RE: [CSS3 Text Layout] working draft (compact version)

Elika's document should not be the only document you consider for understanding vertical text layout. For example, Arabic text in the common form of documents in vertial text mode rotates 90 degrees clockwise, *not* 90 degrees counterclockwise as you indicate.
The existing text layout markup can handle all possible documents of text I have found so this point, except for where Arabic runs are rotated to flow from top to bottom, which is not normally found. The examples of such text are only found in a limited number of old hand written Mongolian documents. What is specified in XSL-FO is able to handle all combinations.
Can you provide some samples that would support/justify changing existing properties specified for some years to something new? I have gone through a lot of documents and verified the existing writing-mode, direction, etc. provide the capability to mark up.
Your approach seems to try to devorce the glyphs from the natural orthography for a script and therefore the fact that glyphs run on a baseline according to orthographic conventions is sufficient for normal text in document. I do not see that your special properties are necessary.


From: on behalf of Christopher Tom
Sent: Sun 1/7/2007 1:40 PM
Subject: [CSS3 Text Layout] working draft (compact version)

My previous suggestion had been designed to handle all imaginable
horizontal/vertical text layout.  This suggestion is designed to be as
compact as possible.  It has only one CSS property.
See the Robust Vertical Text Layout paper[1] for more discussion of text

I would particularly be interested in examples of text layout that
people feel should be handled, but are not by this model.

CSS Text Layout Level 3

Three properties and two classes of scripts describe the layout of text
by this model.  The natural layout for each script determines its
default property values and classes.

Block progression direction specifies the direction in which successive
lines of text are stacked.
Latin, Arabic - down
Mongolian - right
Chinese, Japanese, Korean - left

Inline progression direction specifies the direction in which successive
glyphs are placed within a line of text.
Latin - right
Arabic - left
Mongolian, Chinese, Japanese, Korean - down

Text orientation specifies the direction which the glyphs' "up" points
Latin, Arabic, Mongolian, Chinese, Japanese, Korean - up.

Relative scripts are scripts for which there exists an invertible
transformation between the inline progression direction and text
orientation.  This transformation defines the natural relation between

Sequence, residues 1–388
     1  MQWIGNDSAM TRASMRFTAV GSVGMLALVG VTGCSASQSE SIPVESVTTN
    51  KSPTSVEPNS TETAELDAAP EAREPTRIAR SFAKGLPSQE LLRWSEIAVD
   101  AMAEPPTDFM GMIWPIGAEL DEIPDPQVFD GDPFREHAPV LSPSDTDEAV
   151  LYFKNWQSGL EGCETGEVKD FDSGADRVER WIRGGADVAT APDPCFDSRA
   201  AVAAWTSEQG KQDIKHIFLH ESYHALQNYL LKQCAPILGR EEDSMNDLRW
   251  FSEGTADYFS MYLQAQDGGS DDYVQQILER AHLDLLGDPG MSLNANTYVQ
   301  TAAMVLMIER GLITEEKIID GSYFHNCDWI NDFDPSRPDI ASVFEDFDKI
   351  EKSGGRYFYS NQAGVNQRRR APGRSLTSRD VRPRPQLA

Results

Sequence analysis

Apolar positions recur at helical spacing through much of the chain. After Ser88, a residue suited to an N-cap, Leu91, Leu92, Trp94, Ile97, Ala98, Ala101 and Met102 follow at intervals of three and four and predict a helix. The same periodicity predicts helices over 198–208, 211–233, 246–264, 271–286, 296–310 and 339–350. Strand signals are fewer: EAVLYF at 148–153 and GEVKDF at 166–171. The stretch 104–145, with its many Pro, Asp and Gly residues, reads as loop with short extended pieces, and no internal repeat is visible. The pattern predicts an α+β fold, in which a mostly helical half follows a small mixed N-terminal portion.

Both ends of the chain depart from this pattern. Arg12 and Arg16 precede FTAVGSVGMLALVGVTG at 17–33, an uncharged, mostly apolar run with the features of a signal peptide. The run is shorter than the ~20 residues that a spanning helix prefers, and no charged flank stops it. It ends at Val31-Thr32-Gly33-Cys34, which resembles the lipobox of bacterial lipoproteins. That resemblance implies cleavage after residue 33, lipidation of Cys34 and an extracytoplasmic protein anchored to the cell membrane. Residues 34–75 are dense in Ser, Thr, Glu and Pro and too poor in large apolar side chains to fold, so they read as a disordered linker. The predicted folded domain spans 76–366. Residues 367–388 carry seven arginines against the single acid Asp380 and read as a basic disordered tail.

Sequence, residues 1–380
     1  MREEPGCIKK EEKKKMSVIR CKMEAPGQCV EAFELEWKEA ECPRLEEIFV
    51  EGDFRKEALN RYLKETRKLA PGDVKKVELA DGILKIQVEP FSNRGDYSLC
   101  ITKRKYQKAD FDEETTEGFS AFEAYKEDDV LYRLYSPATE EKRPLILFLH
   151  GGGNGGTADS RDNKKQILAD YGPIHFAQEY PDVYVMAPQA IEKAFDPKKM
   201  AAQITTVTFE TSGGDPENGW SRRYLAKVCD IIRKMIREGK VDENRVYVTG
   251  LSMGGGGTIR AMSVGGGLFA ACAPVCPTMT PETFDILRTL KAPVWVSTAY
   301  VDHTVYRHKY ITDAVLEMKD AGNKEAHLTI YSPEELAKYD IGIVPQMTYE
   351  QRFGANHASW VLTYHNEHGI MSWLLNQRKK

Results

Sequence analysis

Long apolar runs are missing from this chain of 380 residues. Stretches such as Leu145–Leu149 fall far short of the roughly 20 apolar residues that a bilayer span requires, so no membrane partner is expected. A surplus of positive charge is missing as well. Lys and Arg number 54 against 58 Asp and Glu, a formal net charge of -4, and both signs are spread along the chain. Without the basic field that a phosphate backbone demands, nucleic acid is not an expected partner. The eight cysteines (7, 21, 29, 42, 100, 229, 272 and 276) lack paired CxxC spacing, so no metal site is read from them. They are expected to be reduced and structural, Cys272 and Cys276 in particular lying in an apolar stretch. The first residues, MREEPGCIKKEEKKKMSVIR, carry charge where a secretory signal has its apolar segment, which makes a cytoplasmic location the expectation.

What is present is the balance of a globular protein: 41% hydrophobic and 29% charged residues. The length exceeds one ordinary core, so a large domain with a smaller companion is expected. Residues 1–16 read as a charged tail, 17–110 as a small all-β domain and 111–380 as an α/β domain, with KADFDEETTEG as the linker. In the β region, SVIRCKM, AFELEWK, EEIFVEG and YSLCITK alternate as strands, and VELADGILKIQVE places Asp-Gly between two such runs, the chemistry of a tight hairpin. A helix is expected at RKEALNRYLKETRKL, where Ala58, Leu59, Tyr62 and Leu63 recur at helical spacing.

the two properties among all possible values.
Examples of transformations from text orientation to inline progression
Latin - 90 degrees clockwise rotation
Arabic - 90 degrees counterclockwise rotation
Mongolian - 180 degrees rotation

Independent scripts are scripts for which the inline progression
direction and text orientation are independent of each other.
Chinese, Japanese, Korean are independent scripts.

The CSS property for Text Layout Level 3:
Name: text-orientation-vertical
Value: up | down | left | right | natural
Initial: natural
This property describes the text's glyph orientation.  Block progression
direction is defined by the flow direction of the Box Model.  For
relative scripts, when text-orientation-vertical does not have the value
natural, inline progression direction is defined by the transformation
of text-orientation-vertical when the transformed direction is an inline
direction.  In other cases, inline progression direction is down for
vertical lines, or the script's default for horizontal lines if the
default is horizontal.  Otherwise it is right.
   up      - text orientation is up.
   down    - text orientation is down.
   left    - text orientation is left.
   right   - text orientation is right.
   natural - for relative scripts, text orientation is defined by the
inverse transformation of the inline progression direction.  For
independent scripts, text orientation is defined by the script's default.

Note: the choice of right as the last case for inline progression
direction is fairly arbitrary, if possible something like inheriting the
direction of the surrounding text might be more useful.
What would be the procedure for turning something like this into an
actual working draft?


Received on Monday, 8 January 2007 05:57:59 UTC